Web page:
After Nearly a Decade, The Dark Knight Flawlessly Rises In a New Light


Lukas Werner

“The Batman” is the first solo live-action Batman film to hit theaters — and HBO Max on April 19 — since the 2012 release of Christopher Nolan’s “The Dark Knight Rises.”

Lillian Paugh, Staff Reporter

Heavy breathing, a shaky first-person camera angle, and an ominous rendition of the “Ave Maria” open director Matt Reeves’ most recent film to set the scene — and just barely prepare the audience — for the next two hours and 56 minutes that make up “The Batman.”

I’ll admit that in the months before its release, I feared that I would be disappointed in the new film in light of the major success of prior versions from the likes of Christopher Nolan, Tim Burton, and others. But, after having seen it three times already, I can conclude that “The Batman” rises above and beyond its predecessors. With its unique and creative deliverance of the same seemingly overdone story, set of iconic characters, and its new approach to the superhero genre, this is perhaps my favorite Batman adaptation — and superhero film — of all time.

From the get-go, what stood out the most was the film’s darker and more serious tone. Reeves’ film, with its callous depiction of characters, brutal fight sequences, and disturbing plot lines, felt most accurately representative of DC’s often very gruesome Batman comics — aspects of which seem uncommon nowadays as films within the superhero genre are often made far more palatable to a wide range of audiences — adults, teens, and children alike. Watching a superhero film that doesn’t include a punchline or silly gimmick every other line honestly made it so much more enjoyable and further helped to set the film apart from many other superhero films as of recent.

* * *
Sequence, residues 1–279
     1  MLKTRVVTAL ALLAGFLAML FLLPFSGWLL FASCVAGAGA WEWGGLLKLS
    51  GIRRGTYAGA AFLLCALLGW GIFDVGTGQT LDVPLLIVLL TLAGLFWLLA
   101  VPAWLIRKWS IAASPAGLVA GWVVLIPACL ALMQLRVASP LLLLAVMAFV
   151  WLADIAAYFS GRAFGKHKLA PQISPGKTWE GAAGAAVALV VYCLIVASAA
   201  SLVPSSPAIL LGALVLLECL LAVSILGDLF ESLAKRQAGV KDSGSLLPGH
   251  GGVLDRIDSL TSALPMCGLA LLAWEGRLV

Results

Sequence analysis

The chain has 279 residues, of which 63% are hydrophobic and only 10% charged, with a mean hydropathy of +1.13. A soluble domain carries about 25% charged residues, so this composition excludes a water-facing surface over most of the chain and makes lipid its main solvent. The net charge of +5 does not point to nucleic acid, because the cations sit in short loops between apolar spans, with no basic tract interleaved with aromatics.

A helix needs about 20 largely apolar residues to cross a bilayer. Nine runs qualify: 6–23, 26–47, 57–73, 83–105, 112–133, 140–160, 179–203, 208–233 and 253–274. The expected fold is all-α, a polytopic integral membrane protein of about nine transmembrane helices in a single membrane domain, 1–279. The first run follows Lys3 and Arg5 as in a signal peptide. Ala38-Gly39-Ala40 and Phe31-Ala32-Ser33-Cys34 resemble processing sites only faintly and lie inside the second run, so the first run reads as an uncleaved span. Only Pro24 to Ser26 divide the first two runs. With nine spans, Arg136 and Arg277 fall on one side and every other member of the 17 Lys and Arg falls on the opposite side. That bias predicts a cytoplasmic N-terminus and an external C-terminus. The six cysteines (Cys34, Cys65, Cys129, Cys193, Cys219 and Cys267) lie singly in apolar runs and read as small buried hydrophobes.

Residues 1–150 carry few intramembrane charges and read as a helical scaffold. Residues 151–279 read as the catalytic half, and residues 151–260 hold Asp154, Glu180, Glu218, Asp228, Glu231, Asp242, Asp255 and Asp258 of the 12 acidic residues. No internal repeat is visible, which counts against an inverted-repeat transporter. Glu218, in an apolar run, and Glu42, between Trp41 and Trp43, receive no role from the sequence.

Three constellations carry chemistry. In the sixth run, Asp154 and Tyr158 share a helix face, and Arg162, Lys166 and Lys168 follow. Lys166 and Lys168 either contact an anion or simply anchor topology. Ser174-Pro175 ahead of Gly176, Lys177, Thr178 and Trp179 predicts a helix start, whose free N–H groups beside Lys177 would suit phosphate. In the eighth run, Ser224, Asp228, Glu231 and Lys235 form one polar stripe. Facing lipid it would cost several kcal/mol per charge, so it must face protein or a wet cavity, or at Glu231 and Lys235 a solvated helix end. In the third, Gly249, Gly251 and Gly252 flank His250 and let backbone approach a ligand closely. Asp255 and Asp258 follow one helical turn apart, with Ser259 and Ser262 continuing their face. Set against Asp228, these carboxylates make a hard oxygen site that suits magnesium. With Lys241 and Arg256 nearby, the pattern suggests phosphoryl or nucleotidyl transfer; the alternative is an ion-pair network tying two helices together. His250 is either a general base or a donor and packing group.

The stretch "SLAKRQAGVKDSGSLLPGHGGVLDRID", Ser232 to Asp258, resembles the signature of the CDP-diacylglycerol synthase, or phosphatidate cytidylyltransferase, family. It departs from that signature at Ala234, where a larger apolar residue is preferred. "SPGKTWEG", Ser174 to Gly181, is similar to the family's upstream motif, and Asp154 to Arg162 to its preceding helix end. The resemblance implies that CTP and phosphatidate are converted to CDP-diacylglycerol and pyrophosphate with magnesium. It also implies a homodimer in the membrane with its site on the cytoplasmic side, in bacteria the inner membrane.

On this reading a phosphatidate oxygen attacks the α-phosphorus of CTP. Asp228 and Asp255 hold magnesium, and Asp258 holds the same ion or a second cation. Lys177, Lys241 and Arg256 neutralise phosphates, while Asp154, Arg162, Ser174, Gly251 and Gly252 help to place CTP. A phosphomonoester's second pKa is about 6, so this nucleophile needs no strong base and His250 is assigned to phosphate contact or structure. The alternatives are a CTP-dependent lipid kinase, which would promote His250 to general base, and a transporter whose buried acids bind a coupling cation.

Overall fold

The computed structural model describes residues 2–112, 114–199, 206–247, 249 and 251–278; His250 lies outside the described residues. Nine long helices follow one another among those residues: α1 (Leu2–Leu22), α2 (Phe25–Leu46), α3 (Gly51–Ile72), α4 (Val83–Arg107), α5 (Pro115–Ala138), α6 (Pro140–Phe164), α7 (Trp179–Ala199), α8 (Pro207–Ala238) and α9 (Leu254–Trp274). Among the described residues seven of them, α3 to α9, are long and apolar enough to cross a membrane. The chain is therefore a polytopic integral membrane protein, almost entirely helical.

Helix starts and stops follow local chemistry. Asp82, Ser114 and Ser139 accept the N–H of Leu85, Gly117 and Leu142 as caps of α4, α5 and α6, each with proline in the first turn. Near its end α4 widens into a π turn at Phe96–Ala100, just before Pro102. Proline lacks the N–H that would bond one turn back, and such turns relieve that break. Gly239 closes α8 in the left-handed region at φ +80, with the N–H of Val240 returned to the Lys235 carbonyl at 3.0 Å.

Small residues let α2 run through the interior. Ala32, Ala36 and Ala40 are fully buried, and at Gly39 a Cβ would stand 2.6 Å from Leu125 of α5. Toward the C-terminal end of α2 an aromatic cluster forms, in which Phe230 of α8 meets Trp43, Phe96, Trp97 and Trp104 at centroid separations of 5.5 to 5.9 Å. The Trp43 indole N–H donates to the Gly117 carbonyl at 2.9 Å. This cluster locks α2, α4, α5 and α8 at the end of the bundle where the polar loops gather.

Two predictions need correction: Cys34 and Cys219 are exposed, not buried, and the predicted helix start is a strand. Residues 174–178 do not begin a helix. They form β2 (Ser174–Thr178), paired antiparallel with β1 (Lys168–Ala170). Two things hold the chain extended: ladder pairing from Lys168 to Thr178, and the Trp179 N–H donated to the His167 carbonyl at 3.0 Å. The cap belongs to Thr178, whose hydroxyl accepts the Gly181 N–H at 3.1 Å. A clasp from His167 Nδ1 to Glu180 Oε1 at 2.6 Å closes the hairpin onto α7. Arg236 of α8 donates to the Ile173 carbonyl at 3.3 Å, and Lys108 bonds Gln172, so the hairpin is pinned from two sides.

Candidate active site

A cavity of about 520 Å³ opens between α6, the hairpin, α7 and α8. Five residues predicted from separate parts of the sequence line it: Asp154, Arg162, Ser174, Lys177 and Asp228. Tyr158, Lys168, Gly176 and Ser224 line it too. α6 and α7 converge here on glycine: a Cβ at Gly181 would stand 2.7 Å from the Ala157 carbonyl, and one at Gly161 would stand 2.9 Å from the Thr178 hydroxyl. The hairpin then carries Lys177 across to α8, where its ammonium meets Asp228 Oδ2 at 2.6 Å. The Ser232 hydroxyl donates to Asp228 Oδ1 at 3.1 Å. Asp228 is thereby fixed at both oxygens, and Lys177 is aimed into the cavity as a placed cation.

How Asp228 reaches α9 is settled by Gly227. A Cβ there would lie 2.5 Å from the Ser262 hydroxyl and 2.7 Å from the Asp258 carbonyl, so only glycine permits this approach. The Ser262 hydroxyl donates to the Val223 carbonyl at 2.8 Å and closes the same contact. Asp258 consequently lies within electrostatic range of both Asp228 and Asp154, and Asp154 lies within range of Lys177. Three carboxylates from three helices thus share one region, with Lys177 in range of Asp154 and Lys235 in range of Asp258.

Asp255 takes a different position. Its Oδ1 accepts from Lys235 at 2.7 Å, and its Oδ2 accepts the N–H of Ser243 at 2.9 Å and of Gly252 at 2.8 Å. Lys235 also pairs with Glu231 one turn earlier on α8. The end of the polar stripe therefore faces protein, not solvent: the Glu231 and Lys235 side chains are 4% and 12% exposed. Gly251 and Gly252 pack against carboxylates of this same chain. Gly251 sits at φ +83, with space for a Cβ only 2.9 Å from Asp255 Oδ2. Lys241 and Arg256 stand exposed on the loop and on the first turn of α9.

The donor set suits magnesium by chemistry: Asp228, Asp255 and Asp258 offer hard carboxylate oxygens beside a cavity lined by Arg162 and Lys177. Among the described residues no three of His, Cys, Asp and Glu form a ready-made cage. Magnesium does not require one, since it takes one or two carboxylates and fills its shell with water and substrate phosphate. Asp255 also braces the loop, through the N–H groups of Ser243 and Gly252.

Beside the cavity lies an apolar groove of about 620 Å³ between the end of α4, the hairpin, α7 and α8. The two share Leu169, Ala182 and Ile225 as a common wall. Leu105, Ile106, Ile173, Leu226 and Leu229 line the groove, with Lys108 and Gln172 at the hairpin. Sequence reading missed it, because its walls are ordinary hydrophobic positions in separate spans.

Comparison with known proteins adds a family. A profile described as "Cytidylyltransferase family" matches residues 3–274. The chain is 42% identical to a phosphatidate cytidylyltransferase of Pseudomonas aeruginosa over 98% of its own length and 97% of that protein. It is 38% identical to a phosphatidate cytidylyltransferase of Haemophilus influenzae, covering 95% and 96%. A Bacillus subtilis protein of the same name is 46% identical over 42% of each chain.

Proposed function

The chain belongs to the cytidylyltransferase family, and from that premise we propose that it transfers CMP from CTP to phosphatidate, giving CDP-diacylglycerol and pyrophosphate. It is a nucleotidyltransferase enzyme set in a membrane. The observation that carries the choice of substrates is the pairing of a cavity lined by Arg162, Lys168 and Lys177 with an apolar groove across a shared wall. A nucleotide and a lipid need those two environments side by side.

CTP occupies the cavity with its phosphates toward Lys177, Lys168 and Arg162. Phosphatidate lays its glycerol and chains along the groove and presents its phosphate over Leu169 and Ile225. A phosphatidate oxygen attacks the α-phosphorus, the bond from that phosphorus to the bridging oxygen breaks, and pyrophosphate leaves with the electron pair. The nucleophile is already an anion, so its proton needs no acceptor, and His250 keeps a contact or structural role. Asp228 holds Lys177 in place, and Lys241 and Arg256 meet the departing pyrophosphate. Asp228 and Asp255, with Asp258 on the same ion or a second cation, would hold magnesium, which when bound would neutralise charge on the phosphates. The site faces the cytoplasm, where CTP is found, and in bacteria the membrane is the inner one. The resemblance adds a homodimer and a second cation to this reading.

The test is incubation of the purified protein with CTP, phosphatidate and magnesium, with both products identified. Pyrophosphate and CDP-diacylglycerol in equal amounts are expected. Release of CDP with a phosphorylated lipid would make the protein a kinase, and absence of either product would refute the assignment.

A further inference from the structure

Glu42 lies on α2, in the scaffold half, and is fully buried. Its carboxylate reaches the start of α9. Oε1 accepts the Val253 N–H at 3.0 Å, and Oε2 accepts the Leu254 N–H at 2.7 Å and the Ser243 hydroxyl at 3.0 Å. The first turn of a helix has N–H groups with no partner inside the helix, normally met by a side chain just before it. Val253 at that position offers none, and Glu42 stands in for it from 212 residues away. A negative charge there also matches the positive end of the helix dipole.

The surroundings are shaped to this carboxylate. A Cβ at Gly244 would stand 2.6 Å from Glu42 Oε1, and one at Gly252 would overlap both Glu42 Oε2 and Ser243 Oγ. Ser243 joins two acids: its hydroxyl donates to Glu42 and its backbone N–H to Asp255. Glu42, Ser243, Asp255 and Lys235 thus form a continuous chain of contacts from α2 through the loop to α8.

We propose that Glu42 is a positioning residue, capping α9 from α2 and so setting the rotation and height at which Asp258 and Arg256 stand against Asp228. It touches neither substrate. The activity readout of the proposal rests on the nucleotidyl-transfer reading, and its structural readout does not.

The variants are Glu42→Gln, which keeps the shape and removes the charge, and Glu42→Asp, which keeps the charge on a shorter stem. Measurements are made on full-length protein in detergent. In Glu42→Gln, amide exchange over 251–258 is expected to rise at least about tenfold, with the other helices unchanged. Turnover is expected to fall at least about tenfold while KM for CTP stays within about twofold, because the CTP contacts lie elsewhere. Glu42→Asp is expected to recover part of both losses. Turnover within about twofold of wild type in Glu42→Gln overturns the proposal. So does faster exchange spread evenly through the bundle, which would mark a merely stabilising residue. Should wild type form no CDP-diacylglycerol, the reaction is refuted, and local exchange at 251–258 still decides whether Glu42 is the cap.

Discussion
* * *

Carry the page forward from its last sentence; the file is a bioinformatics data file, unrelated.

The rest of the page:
Another much-appreciated aspect of the film was the often horror movie-like elements. Most notably, the score, by award-winning composer Michael Giacchino, seemed more akin to those of films within the horror genre rather than what is often expected from these types of action films. With eerie vocals and steep stringy crescendos, the score is one that makes its audience of listeners want to sink down into their sticky movie theater seats, pull a warm blanket over themselves, and hide away from the darkness, of which they are suddenly now afraid.

On top of the more suspense-filling and discomfort-inducing sounds incorporated into much of the film’s music to aid in the fear factor, the score is genuinely nice to listen to. It also includes a diverse range of relatively unique melodies that felt like they perfectly captured each scene’s different intended feeling while still working together to form the film’s rather dismal ambiance. From the gritty and intense to the more romantic and deeply emotional to the unnerving and twisted, Giacchino’s work in “The Batman” truly elevates the viewing experience.

Following the darker, more horror movie-esque themes, it is only fitting that the film’s setting begins with a rainy Halloween night in Gotham, allowing apt room for the incorporation of spooky costuming and gloomy October weather. These elements further add to the chilling atmosphere already established within the first minute of the opening scene. Furthermore, the set design really plays into the “goth” in “Gotham” by incorporating absurdly classically gothic architecture, like that of Wayne Tower and the church from the funeral scene for example, into the setting, conveying that same cold and intensely somber mood of the film by way of the use dim colors, steep arches, and sharply pointed overhangs of the building style.